The good folks at the University of Oklahoma Press forwarded a review copy of Jeremy Black’s new book, The War of 1812 in the Age of Napoleon. In my usual fashion, I am making an initial post about the book before a full reading.
6″ x 9″ x 0″
1 B&W Illus., 3 Maps
Published: 2009, Oklahoma University Press
The quick perusal reveals several compelling reasons for recommending the book. First, it is written from “an Atlantic vantage point, which accounts for its contribution to the academic coverage of the war as the latter tend to reflect national perspectives, mostly American, but also Canadian.” (Black, xiv) It goes without saying that any serious scholar of military history would seek out the work of historians and indeed primary sources providing insights from a variety of vantage points. Second, Black speaks to the impact of the war not only on America but also on Canada. Black speculates on how the history of the United States would have been very different had it expanded into Canada, “not the least because the slave states of the South would have been in a decided minority.” (Black, xii) Third, Black covers the naval operations so crucial to the war’s outcome. Fourth, the books addresses the consequences of the war. Black discusses the war’s “impact on America’s politics, public culture, economy, and territorial expansion” as being even more important than the military results. (Black, xiii) Finally, the book promises to explore the implications of unwanted expeditionary war, a topic with relevancy today.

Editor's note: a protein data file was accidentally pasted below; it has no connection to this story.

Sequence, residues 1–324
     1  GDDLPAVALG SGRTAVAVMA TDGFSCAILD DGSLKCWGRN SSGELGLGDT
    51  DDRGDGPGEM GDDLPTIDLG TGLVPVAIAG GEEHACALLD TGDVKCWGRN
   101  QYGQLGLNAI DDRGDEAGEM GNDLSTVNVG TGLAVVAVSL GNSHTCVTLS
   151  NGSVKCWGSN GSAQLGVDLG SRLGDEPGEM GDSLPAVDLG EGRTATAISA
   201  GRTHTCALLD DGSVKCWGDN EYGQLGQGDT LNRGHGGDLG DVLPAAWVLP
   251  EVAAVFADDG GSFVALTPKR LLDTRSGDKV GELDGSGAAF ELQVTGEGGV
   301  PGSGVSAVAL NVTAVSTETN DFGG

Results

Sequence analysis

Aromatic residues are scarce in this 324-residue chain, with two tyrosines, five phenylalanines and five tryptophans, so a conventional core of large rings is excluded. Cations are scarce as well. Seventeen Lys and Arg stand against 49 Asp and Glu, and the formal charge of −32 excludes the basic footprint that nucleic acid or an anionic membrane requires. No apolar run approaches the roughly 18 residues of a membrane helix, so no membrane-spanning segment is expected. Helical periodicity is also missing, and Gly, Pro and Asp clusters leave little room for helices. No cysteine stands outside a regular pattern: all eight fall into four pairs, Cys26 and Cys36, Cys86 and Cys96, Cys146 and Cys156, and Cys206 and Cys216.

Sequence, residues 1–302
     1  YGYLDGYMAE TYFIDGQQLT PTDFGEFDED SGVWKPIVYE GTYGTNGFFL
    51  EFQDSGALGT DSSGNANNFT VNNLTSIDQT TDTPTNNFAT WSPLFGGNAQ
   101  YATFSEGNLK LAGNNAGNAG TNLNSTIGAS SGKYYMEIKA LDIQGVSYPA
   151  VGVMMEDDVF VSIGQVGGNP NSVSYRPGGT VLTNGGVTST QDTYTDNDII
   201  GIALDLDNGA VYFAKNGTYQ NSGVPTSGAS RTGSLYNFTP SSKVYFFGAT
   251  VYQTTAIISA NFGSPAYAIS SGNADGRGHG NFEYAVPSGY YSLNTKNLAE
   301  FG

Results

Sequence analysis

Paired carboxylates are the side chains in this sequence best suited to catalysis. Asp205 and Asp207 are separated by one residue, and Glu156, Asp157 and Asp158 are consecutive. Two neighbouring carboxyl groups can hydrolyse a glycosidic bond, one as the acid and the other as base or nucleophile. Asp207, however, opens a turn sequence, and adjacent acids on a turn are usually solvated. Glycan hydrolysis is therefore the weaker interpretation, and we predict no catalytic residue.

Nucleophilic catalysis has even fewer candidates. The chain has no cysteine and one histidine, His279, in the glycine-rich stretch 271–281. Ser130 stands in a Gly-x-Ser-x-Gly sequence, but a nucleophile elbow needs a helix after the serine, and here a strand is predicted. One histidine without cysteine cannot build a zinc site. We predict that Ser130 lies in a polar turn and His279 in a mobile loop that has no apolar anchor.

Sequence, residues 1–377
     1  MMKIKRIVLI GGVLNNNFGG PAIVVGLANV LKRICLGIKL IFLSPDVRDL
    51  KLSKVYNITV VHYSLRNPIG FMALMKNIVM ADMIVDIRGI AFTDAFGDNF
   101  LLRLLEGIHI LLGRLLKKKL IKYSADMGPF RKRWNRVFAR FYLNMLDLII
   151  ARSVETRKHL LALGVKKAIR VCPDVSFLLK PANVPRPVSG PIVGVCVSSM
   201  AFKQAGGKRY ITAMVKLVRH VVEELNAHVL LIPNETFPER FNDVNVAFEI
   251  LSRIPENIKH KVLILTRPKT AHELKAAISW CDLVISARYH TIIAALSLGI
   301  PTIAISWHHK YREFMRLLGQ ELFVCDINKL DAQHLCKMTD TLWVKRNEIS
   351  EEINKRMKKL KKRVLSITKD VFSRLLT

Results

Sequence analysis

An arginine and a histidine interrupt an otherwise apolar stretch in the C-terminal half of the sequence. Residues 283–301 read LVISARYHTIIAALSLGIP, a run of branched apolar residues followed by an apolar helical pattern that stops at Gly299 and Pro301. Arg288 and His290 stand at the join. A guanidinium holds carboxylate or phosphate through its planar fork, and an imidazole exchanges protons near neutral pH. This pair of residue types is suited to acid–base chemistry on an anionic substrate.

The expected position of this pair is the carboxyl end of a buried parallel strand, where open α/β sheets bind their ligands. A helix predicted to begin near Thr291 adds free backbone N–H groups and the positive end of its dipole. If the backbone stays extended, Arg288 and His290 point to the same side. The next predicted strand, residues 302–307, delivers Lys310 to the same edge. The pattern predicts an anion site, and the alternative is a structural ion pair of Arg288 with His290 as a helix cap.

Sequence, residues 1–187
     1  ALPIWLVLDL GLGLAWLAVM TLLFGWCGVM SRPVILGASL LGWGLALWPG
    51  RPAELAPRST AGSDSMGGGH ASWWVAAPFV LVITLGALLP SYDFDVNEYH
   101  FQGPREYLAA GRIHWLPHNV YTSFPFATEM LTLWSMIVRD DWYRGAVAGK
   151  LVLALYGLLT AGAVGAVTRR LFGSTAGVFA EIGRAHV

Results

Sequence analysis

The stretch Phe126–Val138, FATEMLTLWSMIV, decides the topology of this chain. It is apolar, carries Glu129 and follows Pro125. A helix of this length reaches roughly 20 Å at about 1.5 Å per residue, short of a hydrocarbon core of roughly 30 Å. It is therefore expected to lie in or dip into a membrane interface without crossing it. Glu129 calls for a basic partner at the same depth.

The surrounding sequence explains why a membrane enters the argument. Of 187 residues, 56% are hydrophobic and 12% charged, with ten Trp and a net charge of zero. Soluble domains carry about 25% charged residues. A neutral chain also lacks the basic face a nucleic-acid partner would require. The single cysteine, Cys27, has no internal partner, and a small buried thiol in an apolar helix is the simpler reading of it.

Professor Black’s new book is Volume 21 in the Campaigns and Commanders Series. Black, a prolific writer, has authored more than seventy (70) books. He is Professor of History at the University of Exeter and a senior fellow at the Center for the Study of America and the West at the Foreign Policy Research Institute in Philadelphia. He has lectured extensively around the world.
The Campaigns and Commanders Series at the University of Oklahoma Press include the following:
|The War of 1812 in the Age of Napoleon||21||By Jeremy Black|
|A Dragon’s Head and a Serpent’s Tail||20||By Kenneth M. Swope|
|With Zeal and with Bayonets Only||19||Matthew H. Spring|
|Once Upon a Time in War||18||Robert E. Humphrey|
|Borrowed Soldiers||17||Mitchell A. Yockelson;|
|The Far Reaches of Empire||16||John Grenier|
|Napoleon’s Enfant Terrible||15||John G. Gallaher|
|Three Days in the Shenandoah||14||Gary Ecelbarger|
|George Thomas||13||Christopher J. Einolf|
|Volunteers on the Veld||12||Stephen M. Miller|